WHEN his knee started swelling mysteriously in 2012 and eventually prematurely ended his career, former Likuena goalkeeper, Phoka Matete’s dreams were shattered.
Little did he know that eight years down the line he would be graduating from the North West University with a doctorate in law.
At the time, Matete was at the peak of his career with the senior national senior team in Bujumbura, Burundi. The team was preparing for the World Cup qualifiers.
“I still remember the day like it was just yesterday. It was during the evening hours in my hotel room, then all of a sudden; I noticed that my knee was swelling,” Matete said in an interview with the Lesotho Times this week.
“I called some of my teammates to witness the mystery and they only had one thing to say: ‘You have been bewitched’. I couldn’t believe it. I called the technical team and was rushed to the hospital and there was nothing wrong with the knee. From that time, I just knew that my football career was over,” Matete said.
Growing up playing football on the dusty streets of Ha-Hoohlo, Matete never saw himself as nothing besides a professional footballer in one of the professional leagues. Had he not encountered the mysterious knee injury; this is a fete that he thinks he would have achieved by now.
“With my qualities, I have always seen myself making it into a professional set up but the dream of playing beyond the Lesotho border went up in flames after the injury. I had to switch my focus completely to my studies. I completed my Bachelor of Laws, and my Master of Labour Law at the North West University (Potchefstroom) for which I was lucky to get a scholarship until completion of both. I completed my Masters’ in 2014.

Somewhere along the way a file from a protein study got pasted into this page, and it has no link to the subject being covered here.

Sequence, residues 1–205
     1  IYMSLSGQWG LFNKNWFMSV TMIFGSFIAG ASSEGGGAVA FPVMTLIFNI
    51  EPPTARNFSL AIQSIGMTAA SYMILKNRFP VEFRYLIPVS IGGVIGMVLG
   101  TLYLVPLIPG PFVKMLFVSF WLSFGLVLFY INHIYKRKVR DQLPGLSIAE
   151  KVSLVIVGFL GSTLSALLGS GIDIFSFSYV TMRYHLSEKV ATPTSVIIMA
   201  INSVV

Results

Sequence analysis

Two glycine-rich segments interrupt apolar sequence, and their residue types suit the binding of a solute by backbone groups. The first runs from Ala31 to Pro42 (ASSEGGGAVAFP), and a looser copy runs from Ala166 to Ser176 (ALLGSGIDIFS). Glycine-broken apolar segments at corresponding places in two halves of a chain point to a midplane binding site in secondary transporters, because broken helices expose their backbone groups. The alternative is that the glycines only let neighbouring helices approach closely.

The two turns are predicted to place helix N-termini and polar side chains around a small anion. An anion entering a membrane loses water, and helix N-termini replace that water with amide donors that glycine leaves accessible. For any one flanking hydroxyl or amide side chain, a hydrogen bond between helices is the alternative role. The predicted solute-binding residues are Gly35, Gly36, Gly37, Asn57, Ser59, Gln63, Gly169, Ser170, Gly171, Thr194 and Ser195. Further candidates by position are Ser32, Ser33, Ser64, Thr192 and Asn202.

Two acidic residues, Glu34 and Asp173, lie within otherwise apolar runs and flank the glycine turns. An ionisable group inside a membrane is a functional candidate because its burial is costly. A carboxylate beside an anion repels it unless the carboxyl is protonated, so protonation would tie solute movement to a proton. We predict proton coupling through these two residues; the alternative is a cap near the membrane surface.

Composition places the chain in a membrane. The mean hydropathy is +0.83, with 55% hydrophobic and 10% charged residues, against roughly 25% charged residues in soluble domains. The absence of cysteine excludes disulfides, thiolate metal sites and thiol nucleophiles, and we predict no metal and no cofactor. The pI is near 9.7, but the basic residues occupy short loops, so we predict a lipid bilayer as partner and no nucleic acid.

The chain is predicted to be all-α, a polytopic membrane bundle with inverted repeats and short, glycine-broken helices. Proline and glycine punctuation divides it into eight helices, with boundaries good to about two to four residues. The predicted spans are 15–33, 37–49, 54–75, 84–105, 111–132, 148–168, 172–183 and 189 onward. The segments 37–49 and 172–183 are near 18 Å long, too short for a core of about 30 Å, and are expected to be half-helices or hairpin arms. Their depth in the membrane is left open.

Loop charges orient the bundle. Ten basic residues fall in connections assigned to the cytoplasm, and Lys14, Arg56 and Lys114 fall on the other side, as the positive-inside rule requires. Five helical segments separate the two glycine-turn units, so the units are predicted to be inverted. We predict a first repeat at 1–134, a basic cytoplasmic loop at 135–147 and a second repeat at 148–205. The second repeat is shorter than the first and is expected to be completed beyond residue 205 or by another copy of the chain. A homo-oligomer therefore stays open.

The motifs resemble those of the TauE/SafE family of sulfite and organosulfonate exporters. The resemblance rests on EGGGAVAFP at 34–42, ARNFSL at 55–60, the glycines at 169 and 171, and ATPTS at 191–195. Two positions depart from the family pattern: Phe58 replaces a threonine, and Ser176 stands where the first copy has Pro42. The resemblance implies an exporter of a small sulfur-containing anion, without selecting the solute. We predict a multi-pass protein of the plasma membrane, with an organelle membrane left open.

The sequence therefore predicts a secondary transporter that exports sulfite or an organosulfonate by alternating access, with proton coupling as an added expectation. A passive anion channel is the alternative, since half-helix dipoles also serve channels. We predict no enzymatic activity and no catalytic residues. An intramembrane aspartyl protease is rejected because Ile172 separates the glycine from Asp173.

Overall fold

At 30 years, Matete became the second ex-footballer, after former Mphatlalatsane and Likuena midfielder Molefe Makhele, to obtain a doctorate. He graduated last month with a Doctor of Laws (PhD) in Perspective on Law at the North West University.
Picasso, as Matete is known in football circles, grew up in Ha-Hoohlo where his parents were residing before moving to Thetsane West in the late 90s.
What started as a hobby to the then Phethahatso English Medium Primary School learner later turned into a serious career, thanks to the late former Likhopo founder, Bishop Molatoli, who spotted his talent and nurtured him from 1999 to 2007 when he eventually left to join Rovers.
“I started playing football on the streets just like many of Basotho boys and luckily, some of the boys I was playing with were playing for the Arsenal developmental side which was training at Maseru Club. So, I joined them from 1996 to 1998 before joining Likhopo,” said Matete.
Matete’s rise to stardom began when he was elected into the national under-12 team which was supposed to play South Africa in Bloemfontein as curtain raisers for the Bafana Bafana versus Likuena match in 1999.
“I think everything started when I was picked for the under-12 squad which was coached by Ntate Bishop.
“Unfortunately, when we were supposed to leave for Bloemfontein, there was no transport and Bishop had to use his vehicle to deliver us. Only 11 players made the trip and I was left behind. Lerata Tšalong (former Matlama goalkeeper) travelled for the game as the first-choice goalkeeper.
“It was at that time when I started getting close to Bishop and he was also starting his own team around the same time. I was still playing for Arsenal but he went to my parents and asked them if I could join his team, which they had no problem with, so I joined Likhopo,” he stated.
Matete comes from a football family. His father Rantsubise is a former Lesotho Football Association (LeFA) second vice president and a former sports journalist. His older brother, Matlere was also a star during his hey days.
“My family is deeply rooted in football, so I think that is where the love comes from. My brother was very good during his playing days so I used to be so proud of him. I would practice with him, throwing the ball at him and I would try and catch it; I think that is how I became a goalkeeper.
“I would also accompany my sports journalist father to matches. I watched more soccer than cartoons at home.”
During his Lesotho High School days, Matete played for Likhopo until the side was promoted into the premier league in the 2003/04 season. However, he was forced to choose between playing for Likhopo and his studies and he chose the latter, of course with the influence of his parents who believed that playing for a premier league side would come with lot of pressure for a high school student.